In the mountains, the snow is falling. The curtain has come down and the time for skis, snowboards and snowshoes is at hand.
The North Cascades, by and large, will be buried until June (or August). But what if you’re allergic to the white stuff and prefer your outdoor explorations on bare—albeit often frozen—earth? Fear not. After living in this wonderful corner of the country for going on 25 years, I have had the good fortune to experience a plethora of remarkable snow-free winter experiences. On a sunny day, they’re sublime. And on a rainy day, they’re still pretty damn good. Here, in no particular order, are a few of the best:
Hike the Chuckanuts: Just south of the City of Subdued Excitement rises a splendid curl of mountain that, were it not subject to comparison with the North Cascades next door, would be regionally famous. A myriad of trails lead through forest to cold little lakes, awesome rock gardens (remnants of the long-gone glaciers) and epic saltwater views that will warm the winter heart. Pick up Ken Wilcox’s book, Hiking Whatcom County, a local bible for hiking the Chuckanuts. These trails will keep you entertained, and enlightened, for many days. One of the best: Oyster Dome, with its last-minute epiphany of glittering sea, green islands and (on a very clear day) Mt. Rainier.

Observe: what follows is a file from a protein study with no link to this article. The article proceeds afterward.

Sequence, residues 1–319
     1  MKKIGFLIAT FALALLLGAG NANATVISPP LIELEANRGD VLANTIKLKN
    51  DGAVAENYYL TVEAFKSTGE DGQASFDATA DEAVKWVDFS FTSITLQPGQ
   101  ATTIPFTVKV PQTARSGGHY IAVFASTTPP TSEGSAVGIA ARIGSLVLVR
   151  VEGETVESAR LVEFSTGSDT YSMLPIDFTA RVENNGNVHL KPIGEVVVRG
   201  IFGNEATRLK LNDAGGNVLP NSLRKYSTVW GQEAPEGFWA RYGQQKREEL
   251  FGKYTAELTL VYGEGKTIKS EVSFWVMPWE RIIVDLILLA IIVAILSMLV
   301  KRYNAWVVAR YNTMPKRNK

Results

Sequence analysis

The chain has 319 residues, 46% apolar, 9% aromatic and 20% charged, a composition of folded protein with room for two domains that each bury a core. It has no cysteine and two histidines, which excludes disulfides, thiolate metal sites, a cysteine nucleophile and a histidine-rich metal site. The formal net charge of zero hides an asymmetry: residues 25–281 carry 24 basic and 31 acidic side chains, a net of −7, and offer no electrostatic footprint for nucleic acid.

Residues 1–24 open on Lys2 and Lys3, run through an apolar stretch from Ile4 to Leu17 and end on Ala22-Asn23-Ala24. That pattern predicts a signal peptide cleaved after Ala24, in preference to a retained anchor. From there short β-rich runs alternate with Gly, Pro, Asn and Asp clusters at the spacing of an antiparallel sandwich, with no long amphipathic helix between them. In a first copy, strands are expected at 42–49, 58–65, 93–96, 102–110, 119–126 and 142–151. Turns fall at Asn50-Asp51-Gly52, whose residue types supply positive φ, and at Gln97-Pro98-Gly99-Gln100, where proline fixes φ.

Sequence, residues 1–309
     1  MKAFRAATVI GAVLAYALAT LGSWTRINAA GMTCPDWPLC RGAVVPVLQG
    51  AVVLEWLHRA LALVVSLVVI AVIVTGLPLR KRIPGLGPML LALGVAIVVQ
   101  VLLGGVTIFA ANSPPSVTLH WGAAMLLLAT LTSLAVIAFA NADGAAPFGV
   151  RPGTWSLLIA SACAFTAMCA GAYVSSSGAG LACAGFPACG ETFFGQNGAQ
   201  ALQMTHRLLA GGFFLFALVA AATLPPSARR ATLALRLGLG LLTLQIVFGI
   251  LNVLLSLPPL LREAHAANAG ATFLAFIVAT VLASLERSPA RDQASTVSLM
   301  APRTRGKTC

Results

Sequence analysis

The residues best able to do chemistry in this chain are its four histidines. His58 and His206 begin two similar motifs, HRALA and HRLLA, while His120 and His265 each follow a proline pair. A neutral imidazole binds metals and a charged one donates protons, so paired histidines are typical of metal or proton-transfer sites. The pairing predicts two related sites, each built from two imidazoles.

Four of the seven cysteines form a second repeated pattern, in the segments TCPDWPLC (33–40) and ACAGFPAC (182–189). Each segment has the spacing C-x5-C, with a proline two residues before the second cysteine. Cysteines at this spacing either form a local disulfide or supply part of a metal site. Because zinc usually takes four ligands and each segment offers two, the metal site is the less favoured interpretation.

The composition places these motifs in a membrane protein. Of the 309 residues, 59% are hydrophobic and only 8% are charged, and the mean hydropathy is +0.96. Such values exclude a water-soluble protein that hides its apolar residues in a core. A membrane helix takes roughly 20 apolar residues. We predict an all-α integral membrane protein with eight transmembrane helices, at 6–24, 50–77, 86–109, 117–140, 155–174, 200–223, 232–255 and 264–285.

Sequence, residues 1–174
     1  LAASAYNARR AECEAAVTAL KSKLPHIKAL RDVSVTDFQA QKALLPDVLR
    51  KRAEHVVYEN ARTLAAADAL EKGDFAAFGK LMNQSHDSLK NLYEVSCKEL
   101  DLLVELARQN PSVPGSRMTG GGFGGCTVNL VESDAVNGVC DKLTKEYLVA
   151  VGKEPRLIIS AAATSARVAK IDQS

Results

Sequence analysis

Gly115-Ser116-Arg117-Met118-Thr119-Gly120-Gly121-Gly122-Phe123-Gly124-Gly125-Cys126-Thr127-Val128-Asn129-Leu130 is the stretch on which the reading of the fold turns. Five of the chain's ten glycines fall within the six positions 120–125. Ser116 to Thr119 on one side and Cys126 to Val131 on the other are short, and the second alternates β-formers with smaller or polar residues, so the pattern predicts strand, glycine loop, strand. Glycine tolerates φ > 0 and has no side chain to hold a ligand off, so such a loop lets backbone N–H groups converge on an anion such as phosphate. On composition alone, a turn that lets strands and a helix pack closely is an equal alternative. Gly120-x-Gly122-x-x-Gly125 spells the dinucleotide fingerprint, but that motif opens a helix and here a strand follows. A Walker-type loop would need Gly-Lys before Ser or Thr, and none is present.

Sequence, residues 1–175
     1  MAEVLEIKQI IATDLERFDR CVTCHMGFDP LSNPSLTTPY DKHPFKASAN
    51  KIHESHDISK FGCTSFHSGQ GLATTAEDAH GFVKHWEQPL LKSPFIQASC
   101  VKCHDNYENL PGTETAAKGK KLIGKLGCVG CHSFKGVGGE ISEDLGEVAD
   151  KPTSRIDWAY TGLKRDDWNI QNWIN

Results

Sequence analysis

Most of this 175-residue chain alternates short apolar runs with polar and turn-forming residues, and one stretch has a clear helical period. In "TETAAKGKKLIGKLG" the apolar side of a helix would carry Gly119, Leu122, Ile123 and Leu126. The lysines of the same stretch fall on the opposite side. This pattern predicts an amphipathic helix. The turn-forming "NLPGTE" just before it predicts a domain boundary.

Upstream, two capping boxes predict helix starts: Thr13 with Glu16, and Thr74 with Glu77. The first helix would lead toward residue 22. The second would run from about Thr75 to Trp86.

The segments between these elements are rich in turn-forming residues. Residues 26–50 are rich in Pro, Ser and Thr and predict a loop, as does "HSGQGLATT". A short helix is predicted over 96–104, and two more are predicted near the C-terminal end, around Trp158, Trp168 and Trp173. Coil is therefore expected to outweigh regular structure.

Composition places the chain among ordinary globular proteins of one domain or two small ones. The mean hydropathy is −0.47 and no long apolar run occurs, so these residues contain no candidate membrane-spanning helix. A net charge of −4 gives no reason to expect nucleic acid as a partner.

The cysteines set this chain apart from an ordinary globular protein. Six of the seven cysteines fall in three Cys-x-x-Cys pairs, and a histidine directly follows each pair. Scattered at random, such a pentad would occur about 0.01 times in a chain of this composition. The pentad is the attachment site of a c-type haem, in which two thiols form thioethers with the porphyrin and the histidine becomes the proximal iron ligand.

Paddle Baker Lake: In the summer, Baker Lake is a zoo—all subwoofers and keg parties. But come winter, a welcome serenity descends on the lake. With a surface elevation of a mere 700 feet, the shores of the lake remain snow-free for much of the winter, affording ready access to the water. Canoes or kayaks can be launched near the dam at the Kulshan campground, which is maintained by Puget Sound Energy. The campground here is open in the winter, affording a convenient bivouac site to facilitate an early-morning launch. Paddling out on the lake, one feels removed from the mechanized world, enveloped in the silence. The views of Baker and Shuksan, rising among their coterie of snowy peaks, are magnificent. There are several campsites on the eastern shore, each with its own appeal and character. In the dead of winter, loneliness is assured.
Visit a Waterfall: Nooksack Falls, at 1,500 feet, is often at the edge of the snowline. If your desire is to avoid tromping through snow, timing is everything. The falls, located off of the Mount Baker Highway, seven miles east of Glacier, drop 88 feet in two sections and fill the Nooksack River canyon with spray. The path is short, direct and to the point, leading to the edge of the abyss. A chain-link fence keeps you on the up and up. Over the years, more than a few have perished here by venturing beyond the fence. No need to win a Darwin Award—contemplate the spectacle from behind the fence. The thunder will inhabit your dreams.
At last, after several years in a row of late-lingering snowpack in the North Cascades, it looks like we might just catch a break.
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